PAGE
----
3. Price to earnings
Similarly, stock prices will be ranked by their price over earnings before taxes ratios to determine which bank has the best value. There are two things to note here. Price over earnings before taxes is a much more stable ratio than the conventional price over earnings because of volatile tax expenses/benefits for bank stocks. However, this omits penalties and fines imposed by regulators.
Using this method, GS and WFC are the cheapest stocks. Normally, this means the market expects lower growth rates for GS and WFC. This is an anomaly, given GS' competitive advantage in their noninterest-earning business and WFC's strength in their interest-earning division. Consequently, investors are able to buy these stocks at a discount.
4. Return on Assets
Return on assets is also an important indicator for the banks. It shows how effective the bank can use its assets to generate income. In this case, I used EBT as the numerator. Both USB and WFC have exhibited the highest ROA, and have also been able to grow their ROA substantially since 2010. This reflects those banks' strong management versus their peers.
5. Return on Equity versus Price over Tangible Book Value
A similar metric, return (EBT) on equity, is also assessed. The downside is that the ROE at each bank is difficult to compare due to varying leverage ratios. However, ROE can be used in conjunction to the price over tangible book value ratio to determine which bank is relatively more expensive/cheap. Equity and book value are more easily comparable since they both omit liabilities. All things equal, a higher return on equity should cause the price over book value ratio to be higher.
Three stocks are trading under the trend line. That is, those banks are relatively cheaper, given their ROE and book values. C, GS, and WFC are cheaper compared to its peers using this methodology.
6. Allowance for loan and lease losses and net charge-offs
Given the expected rise in interest rates, and consequently interest income, banks' abilities to control their lending risk will have a significant and growing material effect on their earnings.
Allowance for loan and lease losses as a percentage of average loans/leases outstanding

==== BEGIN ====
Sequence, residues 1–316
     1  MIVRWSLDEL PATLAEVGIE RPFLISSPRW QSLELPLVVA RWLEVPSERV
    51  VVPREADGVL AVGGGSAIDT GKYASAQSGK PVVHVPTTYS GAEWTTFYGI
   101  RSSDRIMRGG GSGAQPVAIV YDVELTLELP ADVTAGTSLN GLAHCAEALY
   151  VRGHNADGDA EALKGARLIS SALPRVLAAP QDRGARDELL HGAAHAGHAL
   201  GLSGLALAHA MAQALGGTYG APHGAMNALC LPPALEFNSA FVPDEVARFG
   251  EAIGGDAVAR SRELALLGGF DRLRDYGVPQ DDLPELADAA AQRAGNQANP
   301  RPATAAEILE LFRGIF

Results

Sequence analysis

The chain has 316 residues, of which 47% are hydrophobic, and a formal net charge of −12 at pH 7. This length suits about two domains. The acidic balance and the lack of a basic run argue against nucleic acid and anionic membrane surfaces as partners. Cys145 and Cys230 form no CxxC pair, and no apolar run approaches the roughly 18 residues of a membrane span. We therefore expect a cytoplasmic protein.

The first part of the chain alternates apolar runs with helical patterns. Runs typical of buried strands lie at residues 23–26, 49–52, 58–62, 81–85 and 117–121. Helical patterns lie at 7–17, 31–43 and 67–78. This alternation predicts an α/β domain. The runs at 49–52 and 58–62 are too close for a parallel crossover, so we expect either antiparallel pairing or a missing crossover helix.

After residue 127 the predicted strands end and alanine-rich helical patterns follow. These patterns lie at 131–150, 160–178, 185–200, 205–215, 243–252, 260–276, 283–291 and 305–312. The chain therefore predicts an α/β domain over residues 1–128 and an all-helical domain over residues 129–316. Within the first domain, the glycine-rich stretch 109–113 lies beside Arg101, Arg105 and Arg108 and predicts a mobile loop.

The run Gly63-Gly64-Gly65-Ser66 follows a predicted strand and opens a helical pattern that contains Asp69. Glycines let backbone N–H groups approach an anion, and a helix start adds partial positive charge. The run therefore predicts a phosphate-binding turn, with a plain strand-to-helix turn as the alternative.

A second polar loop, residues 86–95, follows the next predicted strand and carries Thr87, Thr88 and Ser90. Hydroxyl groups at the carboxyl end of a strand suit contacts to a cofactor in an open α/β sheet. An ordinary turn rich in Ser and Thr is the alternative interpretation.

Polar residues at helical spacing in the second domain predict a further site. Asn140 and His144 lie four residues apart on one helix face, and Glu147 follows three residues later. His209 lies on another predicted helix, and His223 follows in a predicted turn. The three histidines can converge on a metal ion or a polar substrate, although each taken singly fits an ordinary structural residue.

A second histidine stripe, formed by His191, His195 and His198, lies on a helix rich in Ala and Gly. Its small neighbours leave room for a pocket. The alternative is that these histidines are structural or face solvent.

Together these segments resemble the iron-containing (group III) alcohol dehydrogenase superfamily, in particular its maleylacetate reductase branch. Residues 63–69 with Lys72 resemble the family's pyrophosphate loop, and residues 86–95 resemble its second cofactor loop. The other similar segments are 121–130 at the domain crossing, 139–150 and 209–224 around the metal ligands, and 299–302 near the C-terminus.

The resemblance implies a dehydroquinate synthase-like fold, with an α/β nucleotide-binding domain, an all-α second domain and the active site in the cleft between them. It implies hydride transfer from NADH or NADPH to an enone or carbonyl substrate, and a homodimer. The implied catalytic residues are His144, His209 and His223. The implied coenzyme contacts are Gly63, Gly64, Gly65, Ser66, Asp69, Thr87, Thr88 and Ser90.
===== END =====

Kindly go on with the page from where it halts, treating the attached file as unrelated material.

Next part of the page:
WFC and USB have the lowest percentage of allowance for loan and lease losses as a percentage of loans and leases outstanding. This figure has also been shrinking year-over-year for all banks, which demonstrates the overall strengthening of the economy, and managements' ability to find less-risky borrowers. These figures complement the next analysis on net charge-offs/write-offs.
Net Charge-offs / Write-offs as a percentage of average loans/leases outstanding
Similarly, both WFC and USB have the lowest percentage of net charge-offs/write-offs. Managements' ability to reduce these added costs on interest-revenues have aided WFC and USB's competitive advantage in their interest-earning businesses.
7. Returning Value to Shareholders
One method of valuation for bank stocks is typically the dividend discount model. Growing dividends are a sign of bank stability, and investors searching for yield, growth, and value, will tend to flock to these stocks. A strong history of dividend growth demonstrates managements' friendliness to shareholders, and this attitude would likely continue in the future.
Dividend yield (%)
Due to current regulations, BAC, C, and MS have not adjusted their dividend payouts. On a positive note, if those regulations become less restrictive, those banks will have more freedom to increase their dividends, and the stock prices of BAC, C, and MS will likely increase. JPM, WFC, and USB have both increased their dividends significantly since 2010. 2013 was a slight anomaly-the large appreciations of financials caused the dividend yields to decrease. JPM was the only one of those banks to increase their dividend yield in 2013. Thus, JPM should be attractive for investors more focused on a high and growing dividend yield.
Diluted Shares outstanding
As shares outstanding falls, share prices should increase as earnings per share rise, and the supply of stock falls. Since 2010, only GS, JPM, and USB decreased their diluted shares outstanding. So, despite these large share repurchase programs, banks' issuance of stocks and stock payment-options in employee salaries often exceed the buybacks.
JPM and USB have historically been the most shareholder-friendly, given their dividend growth and share buybacks.
Below is a summary for my ranking for these bank stocks.
WFC is seen to have a strong advantage in their interest-earning division, loan risk management, and return on assets. Moreover, the stock is trading at a discount to its peers with respect to discounted EBT, P/EBT, and ROE versus P/BV. Although WFC has not returned value to shareholders as well as JPM or USB, WFC is still consistently growing its dividend, and has kept its diluted shares outstanding figure relatively flat.
Unfortunately, WFC still has a large exposure to regulatory risks. Firstly, settlements related to the mortgage crisis may still be ongoing, although WFC recently reached a $591 million agreement with Fannie Mae. Secondly, "banks could face tougher stress tests next year." Although this is a systemic risk for the bank stocks, WFC may suffer greater than its peers due to its relatively lower Tier 1 Capital levels. However, its Tier 1 Leverage ratio is stronger. Despite those risks, it seems WFC is the best positioned to take advantage of rising interest rates, and its stock price has yet to reflect this.
Disclosure: I am long WFC. I wrote this article myself, and it expresses my own opinions. I am not receiving compensation for it (other than from Seeking Alpha). I have no business relationship with any company whose stock is mentioned in this article.